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Posted by on Aug 10, 2017 in Diabetes Management, School

Making the Grade: Back to School with Diabetes

Making the Grade: Back to School with Diabetes

As a parent or caregiver of a child with diabetes, your back-to-school checklist includes more than a backpack, notebooks and writing tools. You also have to add visits to your child’s healthcare providers, forms to complete, supplies to provide, and connecting with the school personnel to your list.

Each child and each school year is different. It’s influenced by your child’s characteristics, age, how long they’ve had diabetes and their abilities to manage their diabetes at school. The school and school personnel, from teachers to school health providers, factor in, too. One year your child may be in a familiar school; the next year they may be in a new school or in a completely new district. What’s always the same is that you know your child and their needs best.

While we cannot provide you with legal advice, we’ve compiled a few details about certain federal and state laws and regulations that may be helpful in managing your child’s diabetes during the school day, along with some practical pointers.

Select U.S. Laws and Regulations Help Schools Ace Diabetes Management

As a parent or caregiver, consider developing written plans under two key federal laws that protect children with diabetes. Be familiar with these plans and know what services your child might receive:

  • The 504 Plan: Based on Section 504 of the Rehabilitation Act of 1973, which prohibits discrimination by any entity receiving federal funds including public, private and religious schools and any program offered by a public school system, this is the plan in which your child’s required accommodations in school are documented. Each school-age student with diabetes should have an annually updated 504 plan to establish how the school will meet their needs. Another law, the Americans with Disabilities Act (ADA) prohibits discrimination on the basis of disability by places of public accommodations, including public and private schools.
  • Individualized Education Program (IEP): The IEP is developed for students qualifying for services under the Individuals with Disabilities Education Act (IDEA), another federal law. Under IDEA, the federal government gives money to state and local education agencies to provide special education to children with disabilities, including some with diabetes if their diabetes or another disability adversely impacts learning. Students who qualify for these services should have an IEP developed by school personnel which includes diabetes-related accommodations.

Collectively these laws require schools to ensure safe, fair and equal access to education and school-sponsored activities. Schools must meet the requirements of these federal laws regardless of state laws. State regulations, which vary state to state, may provide guidance on the skill level and training of school personnel, the individuals who can administer insulin, give a bolus, and/or treat severe hypoglycemia. Many state laws provide additional protections to children with diabetes.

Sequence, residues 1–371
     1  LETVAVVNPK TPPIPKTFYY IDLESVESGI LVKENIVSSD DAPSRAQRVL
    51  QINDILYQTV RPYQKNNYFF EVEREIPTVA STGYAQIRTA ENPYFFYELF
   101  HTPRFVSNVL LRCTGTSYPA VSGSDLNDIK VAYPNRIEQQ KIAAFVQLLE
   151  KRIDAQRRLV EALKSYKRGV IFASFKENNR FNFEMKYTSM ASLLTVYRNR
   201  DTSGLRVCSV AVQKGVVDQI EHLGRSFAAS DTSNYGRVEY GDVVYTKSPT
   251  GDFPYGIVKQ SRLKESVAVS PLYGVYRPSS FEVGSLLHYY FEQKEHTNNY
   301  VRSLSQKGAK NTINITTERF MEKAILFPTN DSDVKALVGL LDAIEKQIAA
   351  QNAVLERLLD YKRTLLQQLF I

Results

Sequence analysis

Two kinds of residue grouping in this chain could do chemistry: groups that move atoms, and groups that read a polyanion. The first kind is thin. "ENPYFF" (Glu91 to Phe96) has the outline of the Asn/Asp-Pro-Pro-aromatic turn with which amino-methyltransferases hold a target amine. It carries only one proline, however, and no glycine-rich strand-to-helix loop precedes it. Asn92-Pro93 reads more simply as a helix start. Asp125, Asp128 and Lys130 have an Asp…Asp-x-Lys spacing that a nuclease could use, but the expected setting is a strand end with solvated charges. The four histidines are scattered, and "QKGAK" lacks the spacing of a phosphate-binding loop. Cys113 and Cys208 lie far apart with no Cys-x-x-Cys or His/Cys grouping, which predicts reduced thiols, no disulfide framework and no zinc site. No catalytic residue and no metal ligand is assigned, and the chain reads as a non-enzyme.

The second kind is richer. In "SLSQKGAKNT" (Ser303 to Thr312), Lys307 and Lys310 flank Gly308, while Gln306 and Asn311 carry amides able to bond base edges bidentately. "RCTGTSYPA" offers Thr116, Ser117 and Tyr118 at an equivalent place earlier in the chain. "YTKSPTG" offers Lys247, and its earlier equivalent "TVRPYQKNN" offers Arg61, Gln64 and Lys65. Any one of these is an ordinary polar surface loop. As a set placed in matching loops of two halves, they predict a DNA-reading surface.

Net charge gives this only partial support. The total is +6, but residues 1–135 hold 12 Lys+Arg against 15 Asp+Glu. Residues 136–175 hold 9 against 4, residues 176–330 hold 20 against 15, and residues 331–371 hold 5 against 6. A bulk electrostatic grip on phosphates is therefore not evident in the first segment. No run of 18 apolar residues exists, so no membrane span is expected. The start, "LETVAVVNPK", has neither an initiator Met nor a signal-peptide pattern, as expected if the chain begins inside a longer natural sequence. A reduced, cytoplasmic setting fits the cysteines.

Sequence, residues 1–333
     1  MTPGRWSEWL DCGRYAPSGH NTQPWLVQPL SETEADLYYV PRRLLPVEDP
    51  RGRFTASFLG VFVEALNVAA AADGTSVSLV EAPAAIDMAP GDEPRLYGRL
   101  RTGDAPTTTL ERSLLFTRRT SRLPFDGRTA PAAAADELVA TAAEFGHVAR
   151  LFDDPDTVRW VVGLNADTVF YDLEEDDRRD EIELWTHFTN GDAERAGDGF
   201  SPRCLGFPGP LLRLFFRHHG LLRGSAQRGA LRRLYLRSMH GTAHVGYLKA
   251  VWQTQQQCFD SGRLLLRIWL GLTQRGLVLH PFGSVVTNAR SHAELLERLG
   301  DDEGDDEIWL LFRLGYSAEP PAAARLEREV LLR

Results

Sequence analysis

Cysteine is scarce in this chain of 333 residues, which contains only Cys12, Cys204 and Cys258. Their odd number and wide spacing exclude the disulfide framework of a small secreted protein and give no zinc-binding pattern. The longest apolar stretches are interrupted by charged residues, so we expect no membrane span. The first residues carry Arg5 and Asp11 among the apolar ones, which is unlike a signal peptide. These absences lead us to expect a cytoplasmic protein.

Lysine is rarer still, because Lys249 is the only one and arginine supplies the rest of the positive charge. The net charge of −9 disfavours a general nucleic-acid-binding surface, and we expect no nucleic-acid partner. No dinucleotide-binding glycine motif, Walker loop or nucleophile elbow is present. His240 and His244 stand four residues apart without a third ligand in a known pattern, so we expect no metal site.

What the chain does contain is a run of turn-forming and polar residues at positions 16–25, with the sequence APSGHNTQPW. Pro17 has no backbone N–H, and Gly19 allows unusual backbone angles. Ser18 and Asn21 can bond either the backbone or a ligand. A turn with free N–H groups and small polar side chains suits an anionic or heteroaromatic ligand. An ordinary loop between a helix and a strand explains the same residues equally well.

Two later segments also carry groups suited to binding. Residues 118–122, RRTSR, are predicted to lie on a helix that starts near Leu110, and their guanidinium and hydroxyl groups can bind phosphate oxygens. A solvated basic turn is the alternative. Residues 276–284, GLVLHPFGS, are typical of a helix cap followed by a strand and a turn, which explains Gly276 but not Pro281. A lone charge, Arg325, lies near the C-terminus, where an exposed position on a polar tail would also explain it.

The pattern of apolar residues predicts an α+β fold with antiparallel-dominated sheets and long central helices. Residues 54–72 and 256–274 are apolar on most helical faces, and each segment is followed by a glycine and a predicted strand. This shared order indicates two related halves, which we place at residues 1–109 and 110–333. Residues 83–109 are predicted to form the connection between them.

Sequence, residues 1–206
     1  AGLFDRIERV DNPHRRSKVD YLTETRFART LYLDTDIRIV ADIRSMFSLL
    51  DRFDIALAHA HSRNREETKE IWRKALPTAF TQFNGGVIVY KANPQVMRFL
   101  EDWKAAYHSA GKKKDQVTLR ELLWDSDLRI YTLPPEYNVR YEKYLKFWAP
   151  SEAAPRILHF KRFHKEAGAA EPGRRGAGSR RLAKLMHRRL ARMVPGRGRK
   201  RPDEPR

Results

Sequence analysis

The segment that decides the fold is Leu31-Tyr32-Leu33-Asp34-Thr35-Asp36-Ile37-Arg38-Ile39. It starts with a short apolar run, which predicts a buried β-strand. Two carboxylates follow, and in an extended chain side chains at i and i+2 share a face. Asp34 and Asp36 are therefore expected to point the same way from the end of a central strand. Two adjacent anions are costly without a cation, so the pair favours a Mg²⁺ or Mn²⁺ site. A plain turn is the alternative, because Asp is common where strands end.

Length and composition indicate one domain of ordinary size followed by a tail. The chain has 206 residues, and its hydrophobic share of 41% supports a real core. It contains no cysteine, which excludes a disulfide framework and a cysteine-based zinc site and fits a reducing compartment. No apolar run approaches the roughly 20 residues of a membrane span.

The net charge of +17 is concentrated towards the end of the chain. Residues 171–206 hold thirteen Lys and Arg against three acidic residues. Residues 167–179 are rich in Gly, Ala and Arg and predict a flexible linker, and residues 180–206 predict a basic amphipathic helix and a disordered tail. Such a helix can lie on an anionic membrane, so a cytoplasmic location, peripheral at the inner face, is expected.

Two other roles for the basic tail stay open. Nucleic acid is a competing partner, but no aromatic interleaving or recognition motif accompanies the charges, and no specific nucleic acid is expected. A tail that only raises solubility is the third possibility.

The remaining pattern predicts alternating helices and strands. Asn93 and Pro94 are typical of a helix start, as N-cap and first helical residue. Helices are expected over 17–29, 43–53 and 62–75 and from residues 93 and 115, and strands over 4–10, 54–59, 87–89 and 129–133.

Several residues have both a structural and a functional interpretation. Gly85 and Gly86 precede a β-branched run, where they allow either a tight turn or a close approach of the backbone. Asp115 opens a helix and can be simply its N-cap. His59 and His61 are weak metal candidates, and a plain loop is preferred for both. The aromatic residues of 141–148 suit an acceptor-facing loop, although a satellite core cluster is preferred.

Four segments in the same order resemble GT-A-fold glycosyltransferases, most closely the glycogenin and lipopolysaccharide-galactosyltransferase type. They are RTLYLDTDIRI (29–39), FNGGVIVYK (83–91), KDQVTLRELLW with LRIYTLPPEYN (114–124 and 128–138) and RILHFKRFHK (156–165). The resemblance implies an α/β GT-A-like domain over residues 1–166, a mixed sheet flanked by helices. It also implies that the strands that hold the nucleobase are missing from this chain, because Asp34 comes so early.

At the Head of the Class: Your Child’s School Health Personnel

The number of school health providers required in your child’s school is based on the laws in your state. In some states, the direct care of a child with diabetes may be provided by a registered nurse (RNs), a licensed practical nurse (LPNs), a health assistant and/or other school personnel. The “school nurse,” which may or may not be a RN, typically provides direct care to students and may delegate diabetes care tasks to other trained non-clinical school staff. The school nurse provides training, ongoing supervision, evaluation of the trained school staff, and evaluation of the student’s health. The school nurse is typically a member of your child’s 504 or IEP team.

ABCs and 123s: Document Your Child’s Diabetes Management Plan

To provide your child with diabetes care during the school day, at the start of each school year you’ll need to provide the school nurse with your child’s current Diabetes Medical Management Plan (DMMP). The DMMP contains directions from your child’s healthcare provider on diabetes care at school and school-sponsored events. To implement the DMMP, the school nurse should combine the school health provider’s orders with information from their nursing assessment of the student and family. From the DMMP, the school nurse develops an Individualized Healthcare Plan (IHP) which should include emergency care plans for diabetes-related issues that can occur during school hours, such as hypoglycemia and hyperglycemia.

The Diabetes Learning Curve: Be the Teacher